Initially, Polyakov’s captors told him that they were pro-Ukrainian saboteurs and that they wanted a US$100,000 ransom to release him. They questioned him about his Ukrainian contacts, especially in eastern Ukraine. Polyakov, however, suspected that these men were in fact from LNR security services who resorted to this farce to make him turn over his contacts.
These captors held Polyakov for a month in the basement of an unidentified facility, repeatedly interrogated him and subjected him to vicious beatings and a mock execution. He was often allowed no more than 15-20 seconds in the toilet. At night, his captors removed the cuffs from his legs, and he could sleep on his side while still chained to the pipe by his hands. In the morning, someone would cuff him back in a sitting position.
After about a month a guard told Polyakov that they were going to release him because “people were looking” for him. They put him in a car, drove for several minutes, and threw him out in the street, with the bag still on his head and his hands and legs still cuffed.
Secret detention at bullet factory
Several men who said they were LNR fighters immediately picked up Polyakov. They accused him of being a Ukrainian spy and took him to another basement prison facility where he would later be subjected to torture during interrogations, including beatings and a mock execution:
They told me that I’m an “information soldier” because I participated in the EuroMaydan and accused me of being an enemy because of my protest activities in Russia. They said that I’m against Putin, so I’m a criminal. They made me write a will and then carried out a mock execution. They told me to write a note to my family, then took me out into the yard, I could hear them recharging, then a bullet swished close to my ear. I was deafened by the shot.
Polyakov was not totally blinded by the bag his captors kept on his head most of the time. After his release months later, having spoken to other former LNR prisoners and residents of Luhansk, Polyakov came to a firm conclusion that the basement where he had spent his second month in captivity is located on the premises of the Lenin bullet factory in Luhansk, which is used as a military base by LNR forces.
After Polyakov had spent a month at the bullet factory, Boris Petrenko, deputy head of the MGB investigative agency, told Polyakov he was being charged with espionage and attempted subversion against LNR. Petrenko then took Polyakov to the local MGB headquarters in the former Ukrainian Tax Inspectorate building in Luhansk. There, Petrenko handed Polyakov a “confession” to sign, in which Polyakov was described as working for the Ukrainian Defense Ministry, planning “terrorist attacks” in LNR and child kidnappings. After Polyakov refused to sign the documents, he was moved from the MGB premises to a remand prison in Luhansk where he shared a cell with 15 detainees, all of them local residents or separatist fighters accused of looting or petty crimes. Polyakov spent a month there, without being interrogated or subjected to ill-treatment. Then, MGB officers returned for Polyakov and, without any explanation, moved him to a basement cell on the MGB premises. Polyakov described his protracted confinement:
The room was very dusty and dark. Sometimes it got so hot, that I had to lie down next to the door, gasping for a breath of air. They never took me out for a walk. My health severely deteriorated because of the earlier beatings—I had several inflamed wounds, with pus coming out of them, but they would not let me see a doctor. Sometimes they brought visitors and paraded me in front of them—look what we have here, the fifth column, a EuroMaydan fighter!”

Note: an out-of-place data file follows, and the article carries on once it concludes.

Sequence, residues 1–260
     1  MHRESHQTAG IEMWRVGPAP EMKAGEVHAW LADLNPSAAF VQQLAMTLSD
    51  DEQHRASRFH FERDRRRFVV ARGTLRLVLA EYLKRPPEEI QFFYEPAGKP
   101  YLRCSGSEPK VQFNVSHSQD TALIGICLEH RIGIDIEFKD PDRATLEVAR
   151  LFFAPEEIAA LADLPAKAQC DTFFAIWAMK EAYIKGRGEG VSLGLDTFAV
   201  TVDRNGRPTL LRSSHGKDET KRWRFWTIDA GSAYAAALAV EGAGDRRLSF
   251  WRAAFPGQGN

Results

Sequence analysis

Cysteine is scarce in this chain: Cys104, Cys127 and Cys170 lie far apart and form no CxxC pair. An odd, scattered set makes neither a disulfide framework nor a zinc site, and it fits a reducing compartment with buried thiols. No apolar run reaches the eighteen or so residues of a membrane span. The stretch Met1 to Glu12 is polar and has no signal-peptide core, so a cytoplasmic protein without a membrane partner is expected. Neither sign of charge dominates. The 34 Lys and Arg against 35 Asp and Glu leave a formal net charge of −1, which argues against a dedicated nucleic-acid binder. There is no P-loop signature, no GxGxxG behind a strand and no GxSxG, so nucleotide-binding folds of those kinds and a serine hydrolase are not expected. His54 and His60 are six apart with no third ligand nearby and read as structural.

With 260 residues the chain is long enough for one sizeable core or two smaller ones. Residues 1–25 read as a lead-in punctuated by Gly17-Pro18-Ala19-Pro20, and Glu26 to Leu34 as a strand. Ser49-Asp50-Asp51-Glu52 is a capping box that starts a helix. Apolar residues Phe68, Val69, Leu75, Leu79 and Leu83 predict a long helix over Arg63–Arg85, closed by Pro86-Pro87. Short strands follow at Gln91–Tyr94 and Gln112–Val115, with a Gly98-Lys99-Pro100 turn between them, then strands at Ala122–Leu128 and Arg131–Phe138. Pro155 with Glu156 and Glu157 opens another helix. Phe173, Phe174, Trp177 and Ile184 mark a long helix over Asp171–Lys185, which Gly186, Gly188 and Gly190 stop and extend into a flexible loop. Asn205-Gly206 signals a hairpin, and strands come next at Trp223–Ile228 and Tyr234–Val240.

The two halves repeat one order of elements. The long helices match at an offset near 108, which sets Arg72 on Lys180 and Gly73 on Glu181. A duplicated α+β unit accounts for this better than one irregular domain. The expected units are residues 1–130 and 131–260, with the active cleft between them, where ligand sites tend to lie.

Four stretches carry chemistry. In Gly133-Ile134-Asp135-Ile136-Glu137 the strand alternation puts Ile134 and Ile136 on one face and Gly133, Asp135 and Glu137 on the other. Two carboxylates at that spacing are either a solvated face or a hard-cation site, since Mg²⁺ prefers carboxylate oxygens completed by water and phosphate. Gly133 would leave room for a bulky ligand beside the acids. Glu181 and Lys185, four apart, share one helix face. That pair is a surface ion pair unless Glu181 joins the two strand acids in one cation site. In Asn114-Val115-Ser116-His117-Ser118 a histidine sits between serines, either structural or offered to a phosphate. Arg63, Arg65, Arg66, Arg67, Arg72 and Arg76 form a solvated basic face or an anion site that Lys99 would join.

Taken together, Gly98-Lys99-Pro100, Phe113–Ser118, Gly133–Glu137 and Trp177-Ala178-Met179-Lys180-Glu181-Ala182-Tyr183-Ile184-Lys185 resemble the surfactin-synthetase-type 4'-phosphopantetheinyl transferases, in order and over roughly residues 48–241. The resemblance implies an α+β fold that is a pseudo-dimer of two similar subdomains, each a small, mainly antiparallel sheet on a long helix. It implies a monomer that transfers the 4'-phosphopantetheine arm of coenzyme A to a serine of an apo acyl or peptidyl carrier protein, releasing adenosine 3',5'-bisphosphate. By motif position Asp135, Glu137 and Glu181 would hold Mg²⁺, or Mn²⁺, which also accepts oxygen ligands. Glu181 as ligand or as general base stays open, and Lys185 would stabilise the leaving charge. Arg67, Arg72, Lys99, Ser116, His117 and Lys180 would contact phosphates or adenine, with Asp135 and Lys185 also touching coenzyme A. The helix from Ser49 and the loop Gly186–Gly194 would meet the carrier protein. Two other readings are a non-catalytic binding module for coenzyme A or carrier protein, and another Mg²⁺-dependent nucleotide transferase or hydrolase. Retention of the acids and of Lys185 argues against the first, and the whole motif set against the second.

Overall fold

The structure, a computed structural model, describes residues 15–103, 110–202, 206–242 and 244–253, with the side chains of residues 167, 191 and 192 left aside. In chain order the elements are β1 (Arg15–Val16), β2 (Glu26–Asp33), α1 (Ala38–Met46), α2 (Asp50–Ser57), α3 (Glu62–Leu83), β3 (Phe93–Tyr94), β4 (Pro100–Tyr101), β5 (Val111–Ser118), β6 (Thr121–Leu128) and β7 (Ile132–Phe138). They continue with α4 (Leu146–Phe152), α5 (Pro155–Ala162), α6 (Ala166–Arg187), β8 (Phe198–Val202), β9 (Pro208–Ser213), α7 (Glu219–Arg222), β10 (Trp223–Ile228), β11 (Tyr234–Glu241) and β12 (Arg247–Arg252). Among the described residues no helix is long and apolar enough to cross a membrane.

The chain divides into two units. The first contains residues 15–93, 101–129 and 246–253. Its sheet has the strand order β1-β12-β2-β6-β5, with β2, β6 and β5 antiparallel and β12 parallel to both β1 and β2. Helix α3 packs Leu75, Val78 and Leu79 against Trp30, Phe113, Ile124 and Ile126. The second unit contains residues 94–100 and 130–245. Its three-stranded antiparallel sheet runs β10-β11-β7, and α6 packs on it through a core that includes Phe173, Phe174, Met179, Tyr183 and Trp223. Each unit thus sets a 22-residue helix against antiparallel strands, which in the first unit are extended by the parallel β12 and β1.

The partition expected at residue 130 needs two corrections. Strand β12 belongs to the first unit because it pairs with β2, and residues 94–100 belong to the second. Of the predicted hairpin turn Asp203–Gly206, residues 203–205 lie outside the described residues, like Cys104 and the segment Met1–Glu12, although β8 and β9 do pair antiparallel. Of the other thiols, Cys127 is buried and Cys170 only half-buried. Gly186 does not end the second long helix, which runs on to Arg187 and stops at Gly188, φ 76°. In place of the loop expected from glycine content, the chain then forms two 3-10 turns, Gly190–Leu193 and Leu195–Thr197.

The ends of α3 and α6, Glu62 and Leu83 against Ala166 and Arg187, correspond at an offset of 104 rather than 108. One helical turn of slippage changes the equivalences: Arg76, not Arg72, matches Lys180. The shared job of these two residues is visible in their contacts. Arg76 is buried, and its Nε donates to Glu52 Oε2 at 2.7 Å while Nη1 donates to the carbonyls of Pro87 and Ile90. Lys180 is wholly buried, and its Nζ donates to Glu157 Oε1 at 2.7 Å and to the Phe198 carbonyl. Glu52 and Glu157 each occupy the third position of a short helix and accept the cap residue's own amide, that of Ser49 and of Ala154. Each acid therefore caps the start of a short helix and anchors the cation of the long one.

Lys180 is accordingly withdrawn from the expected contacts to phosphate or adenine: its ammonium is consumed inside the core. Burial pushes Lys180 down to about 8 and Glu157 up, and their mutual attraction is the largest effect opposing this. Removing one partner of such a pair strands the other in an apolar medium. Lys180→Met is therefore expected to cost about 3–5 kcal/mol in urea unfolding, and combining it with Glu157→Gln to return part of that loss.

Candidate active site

On July 29, 2015, his captors briefly transferred Polyakov from the MGB basement back to the Luhansk remand prison and told him that he was to be exchanged. That exchange was suspended, however, and they returned Polyakov to the MGB basement for another five months before his release on December 29, 2015, most likely in exchange for some captured pro-Russian separatists.
Mariya Varfolomeeva (location of detention: Luhansk)
Mariya Varfolomeeva, 31, a freelance journalist from Luhansk, was arrested by LNR security personnel in January 2015 and held for 14 months in incommunicado detention, first on the premises of LNR’s Ministry of Internal Affairs, then on the premises of LNR MGB headquarters before being transferred to the Luhansk remand prison on charges of being a member of an illegal armed group. She was released as part of an exchange with the Ukrainian side in March 2016. Varfolomeeva’s captors repeatedly threatened her with beatings and electric shocks, pushed her roughly, manhandled and harassed her.
On January 9, 2015, LNR security officers caught Varfolomeeva photographing a residential building used by separatist fighters in Luhansk. They accused her of being an artillery spotter for Ukraine, forced her into a car, took her to the building occupied by LNR’s Ministry of Internal Affairs, and kept her there for the night. She recounted:
When they first detained me, they took me to the basement of the Interior Ministry. There, the interrogators showed me batons and electric shocker devices and threatened to use them on me if I don’t tell them what they want to hear. They asked who sent me and how long was I working for the Ukrainians. One of them said that he’d love to hit me if not for me being so thin that I could break.
On January 10, Varfolomeeva’s captors moved her to the MGB building in Luhansk (former Tax Inspectorate building). The guards tried to reassure her that “they don’t torture people there,” but in the hall she saw a man escorted from an interrogation, his face “all bloody and bruised.” During the several weeks that she spent in a basement cell, other inmates described to her how they were tortured by MGB officers who applied electric wires to their earlobes, saying in jest they were making a “a call to [president] Obama.”